Moblogging for the Masses
By Mark Frauenfelder, Mon May 26 10:00:00 GMT 2003

There's a problem with weblogs: They're all about the Web and what's on the Web, but they really aren't about anything else...


Unless you've been living on the dark side of the moon these last couple of years, you know about weblogs. They're frequently updated websites, usually published by an individual or small group of people, with postings published in reverse chronological order. Some weblogs are basically headline aggregators, with links to news stories. Others are like online diaries, containing the authors' musings and opinions on any number of subjects. Most fall somewhere between these two extremes.

I love weblogs. I started one myself called boingboing.net over three years ago, and it gets over 325,000 visitors each month. I read dozens of weblogs a day, and consider them to be my main source of information. Search engines such as Google constantly comb through weblogs to find the hottest stories.

But there's a problem with weblogs. They're myopic. They're all about the Web and what's on the Web, but they really aren't about anything else that's happening in the big wide world. The reason for this is simple. The people who publish weblogs are, by and large, deskbound. They sit there all day and surf the Web, looking for interesting things to write about on their weblogs. The rest of the world doesn't show up on their radar.

The Blogosphere


But all that's about to change. In November, my colleague Justin Hall wrote about "moblogs" for TheFeature. Just as weblogs chronicle one's travels through cyberspace, moblogs (short for "mobile blogs") chronicle one's travels through real space. To become a moblogger, you need a portable wireless device. If you have a WAP enabled mobile phone, you can use the popular Blogger program to post messages to your weblog wherever you happen to be.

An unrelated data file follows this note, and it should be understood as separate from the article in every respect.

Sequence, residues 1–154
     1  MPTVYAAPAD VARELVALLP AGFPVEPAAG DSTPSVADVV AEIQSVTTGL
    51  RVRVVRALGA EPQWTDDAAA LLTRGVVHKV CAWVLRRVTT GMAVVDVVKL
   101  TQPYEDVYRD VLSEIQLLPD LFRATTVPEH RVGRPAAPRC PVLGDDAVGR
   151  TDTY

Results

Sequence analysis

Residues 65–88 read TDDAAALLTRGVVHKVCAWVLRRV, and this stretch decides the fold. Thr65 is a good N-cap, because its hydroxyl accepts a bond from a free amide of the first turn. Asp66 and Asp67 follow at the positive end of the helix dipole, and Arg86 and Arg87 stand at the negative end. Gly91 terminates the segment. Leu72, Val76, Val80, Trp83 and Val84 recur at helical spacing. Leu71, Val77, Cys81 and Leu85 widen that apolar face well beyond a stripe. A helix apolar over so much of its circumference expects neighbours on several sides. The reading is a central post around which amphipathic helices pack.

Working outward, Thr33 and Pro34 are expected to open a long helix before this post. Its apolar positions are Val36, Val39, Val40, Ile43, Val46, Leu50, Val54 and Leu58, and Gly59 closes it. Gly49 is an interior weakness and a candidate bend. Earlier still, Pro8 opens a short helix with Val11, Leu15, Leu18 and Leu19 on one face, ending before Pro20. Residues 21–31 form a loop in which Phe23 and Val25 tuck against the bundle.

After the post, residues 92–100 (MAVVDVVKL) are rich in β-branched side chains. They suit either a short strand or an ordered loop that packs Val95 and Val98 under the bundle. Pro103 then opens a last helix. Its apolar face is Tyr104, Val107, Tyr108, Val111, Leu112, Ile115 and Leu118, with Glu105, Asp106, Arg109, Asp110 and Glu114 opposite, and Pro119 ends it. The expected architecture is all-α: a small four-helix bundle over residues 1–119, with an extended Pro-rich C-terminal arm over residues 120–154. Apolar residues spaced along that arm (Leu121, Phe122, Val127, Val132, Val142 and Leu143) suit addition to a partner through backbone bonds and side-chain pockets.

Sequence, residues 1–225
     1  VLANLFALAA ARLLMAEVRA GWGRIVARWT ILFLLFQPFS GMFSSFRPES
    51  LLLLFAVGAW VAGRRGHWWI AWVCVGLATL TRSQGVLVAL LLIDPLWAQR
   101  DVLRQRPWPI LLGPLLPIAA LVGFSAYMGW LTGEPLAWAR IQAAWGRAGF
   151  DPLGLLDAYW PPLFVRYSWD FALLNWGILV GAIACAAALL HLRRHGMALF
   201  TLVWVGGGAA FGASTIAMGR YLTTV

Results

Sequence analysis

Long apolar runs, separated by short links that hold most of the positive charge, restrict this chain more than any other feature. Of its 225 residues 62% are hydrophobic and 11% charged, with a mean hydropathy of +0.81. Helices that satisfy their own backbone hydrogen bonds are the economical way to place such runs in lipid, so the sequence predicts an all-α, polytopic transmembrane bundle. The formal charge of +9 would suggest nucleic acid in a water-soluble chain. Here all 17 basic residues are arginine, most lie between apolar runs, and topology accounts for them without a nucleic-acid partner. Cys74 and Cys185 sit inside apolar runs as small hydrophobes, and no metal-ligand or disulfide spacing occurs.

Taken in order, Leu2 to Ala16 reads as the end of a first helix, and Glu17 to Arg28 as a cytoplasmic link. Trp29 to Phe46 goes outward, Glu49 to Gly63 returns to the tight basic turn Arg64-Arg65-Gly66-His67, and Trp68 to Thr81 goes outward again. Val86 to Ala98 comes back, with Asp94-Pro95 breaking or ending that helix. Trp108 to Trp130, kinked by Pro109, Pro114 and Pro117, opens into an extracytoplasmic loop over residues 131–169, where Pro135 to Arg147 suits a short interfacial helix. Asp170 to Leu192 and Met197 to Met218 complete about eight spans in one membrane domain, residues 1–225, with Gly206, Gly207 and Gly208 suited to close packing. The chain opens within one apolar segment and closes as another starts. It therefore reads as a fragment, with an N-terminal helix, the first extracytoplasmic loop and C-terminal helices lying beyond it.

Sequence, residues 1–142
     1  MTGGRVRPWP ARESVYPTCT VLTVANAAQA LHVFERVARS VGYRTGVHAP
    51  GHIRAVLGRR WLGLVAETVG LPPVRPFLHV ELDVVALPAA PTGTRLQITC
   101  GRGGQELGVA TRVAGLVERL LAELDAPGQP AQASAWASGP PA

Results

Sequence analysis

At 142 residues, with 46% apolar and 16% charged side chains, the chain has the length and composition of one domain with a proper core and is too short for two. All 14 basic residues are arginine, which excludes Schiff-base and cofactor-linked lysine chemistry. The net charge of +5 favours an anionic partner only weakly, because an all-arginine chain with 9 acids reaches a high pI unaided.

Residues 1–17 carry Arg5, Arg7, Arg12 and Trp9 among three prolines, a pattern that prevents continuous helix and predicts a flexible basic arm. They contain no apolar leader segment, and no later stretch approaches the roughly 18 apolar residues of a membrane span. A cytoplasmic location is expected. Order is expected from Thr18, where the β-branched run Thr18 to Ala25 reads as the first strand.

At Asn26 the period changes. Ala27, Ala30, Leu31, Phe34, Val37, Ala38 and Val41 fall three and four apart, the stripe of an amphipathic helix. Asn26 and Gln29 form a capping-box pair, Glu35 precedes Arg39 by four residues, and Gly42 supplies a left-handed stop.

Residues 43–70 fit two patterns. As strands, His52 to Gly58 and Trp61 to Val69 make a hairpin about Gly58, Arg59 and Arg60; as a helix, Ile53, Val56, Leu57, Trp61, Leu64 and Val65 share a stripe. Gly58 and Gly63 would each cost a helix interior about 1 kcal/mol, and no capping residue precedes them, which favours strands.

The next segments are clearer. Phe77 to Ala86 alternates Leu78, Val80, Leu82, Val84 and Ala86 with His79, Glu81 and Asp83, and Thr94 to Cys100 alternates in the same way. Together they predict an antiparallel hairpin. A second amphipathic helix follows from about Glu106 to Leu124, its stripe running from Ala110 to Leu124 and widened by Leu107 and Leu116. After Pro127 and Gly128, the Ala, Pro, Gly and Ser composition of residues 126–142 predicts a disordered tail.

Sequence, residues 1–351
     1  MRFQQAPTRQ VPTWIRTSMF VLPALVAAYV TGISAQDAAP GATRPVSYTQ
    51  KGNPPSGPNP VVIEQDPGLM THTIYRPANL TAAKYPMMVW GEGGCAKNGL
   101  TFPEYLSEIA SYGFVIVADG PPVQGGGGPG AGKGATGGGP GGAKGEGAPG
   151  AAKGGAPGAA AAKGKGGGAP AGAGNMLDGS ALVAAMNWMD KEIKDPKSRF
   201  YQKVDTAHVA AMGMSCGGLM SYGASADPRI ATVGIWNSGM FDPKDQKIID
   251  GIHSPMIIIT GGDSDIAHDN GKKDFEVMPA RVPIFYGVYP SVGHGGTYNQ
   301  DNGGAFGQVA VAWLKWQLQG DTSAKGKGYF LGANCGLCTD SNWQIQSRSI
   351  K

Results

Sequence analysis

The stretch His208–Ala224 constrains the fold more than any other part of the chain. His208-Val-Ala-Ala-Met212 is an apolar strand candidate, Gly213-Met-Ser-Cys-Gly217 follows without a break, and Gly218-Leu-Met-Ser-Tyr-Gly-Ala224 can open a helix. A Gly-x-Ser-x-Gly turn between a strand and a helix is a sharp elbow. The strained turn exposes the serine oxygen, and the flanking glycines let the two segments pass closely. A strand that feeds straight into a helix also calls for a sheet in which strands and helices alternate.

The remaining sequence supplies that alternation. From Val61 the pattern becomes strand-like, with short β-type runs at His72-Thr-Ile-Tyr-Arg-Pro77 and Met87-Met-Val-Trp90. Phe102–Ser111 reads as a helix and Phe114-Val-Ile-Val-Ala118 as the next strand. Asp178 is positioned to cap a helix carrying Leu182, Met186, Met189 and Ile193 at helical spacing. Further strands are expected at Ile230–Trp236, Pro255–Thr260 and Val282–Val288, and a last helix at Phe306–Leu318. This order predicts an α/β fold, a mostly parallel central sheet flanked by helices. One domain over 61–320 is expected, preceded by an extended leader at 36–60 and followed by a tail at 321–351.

A little while back, I was speaking on a panel called "Live from the Blogosphere" in Los Angeles and I met a young guy who said he was planning to use his WAP phone to post live updates to his weblog about the event. After the talk, I asked him how it went. Before he had a chance to answer, his girlfriend piped in. "Oh, he was posting like crazy. He kept letting go of my hand so he could type into his phone!"

WAP phone blogging has been around for a while, and it isn't the easiest way to moblog. There are several new methods, which employ either software, hardware, or both, and they make moblogging a breeze. One of the simplest, and neatest, ways to moblog is by using a brand new service called audblog (audblog.com). When you sign up, the audblog service issues you a telephone number. Then, wherever you are, all you have to do is call the number and say whatever you want to say and hang up. Seconds later, an icon will appear on your weblog. When visitors click on it, they'll hear your audio file. One woman used audblog to provide live coverage of an anti-war demonstration she was participating in. Another woman took her phone to a Bonnie Raitt concert and blogged the performance. And another guy uses audblog to post his impressions of his office job.

I'm convinced Audblog is going to take over the blogging world like wildfire. The pricing plan is reasonable: $3 a month gets you 12 two-minute posts. You can buy additional blocks of $12 for $3. Noah Glass, the creator of Audblog, says he is going to make it possible for people to make much longer posts in case they want to publish their own audiobooks or long interviews.

Another easy way to maintain a moblog is by using Danger's Sidekick wireless PDA. Danger has a moblog portal called hiptop.com, where Sidekick users can quickly create their own moblogs. Since the Sidekick comes with a camera, people can post pictures on their blogs. Heather Champ, who runs a traditional weblog called www.harrumph.com, has started one on hiptop.com called harrumph! moho where she posts snapshots of interesting things she sees on the street.

Where could all this lead? I think that soon, people will be posting video clips to their blogs. Of course, there will be plenty of boring family vacation moblogs with clips of the kids running around the picnic table, but there will undoubtedly be some amazing stuff out there too. And given the reputation-based nature of weblogs -- in which the good stuff gets discovered and publicized immediately -- we are going to witness an entirely new kind of celebrity: the moblog star.

With a combination of charisma, chutzpah, editorial acumen, and perseverance, the best moblog stars will be as famous as television and movie celebrities, and will be courted by the studios and networks. Who knows, in the near future, moblog stars might not even want to go to Hollywood. Why take a step down?

Mark Frauenfelder is a writer and illustrator from Los Angeles.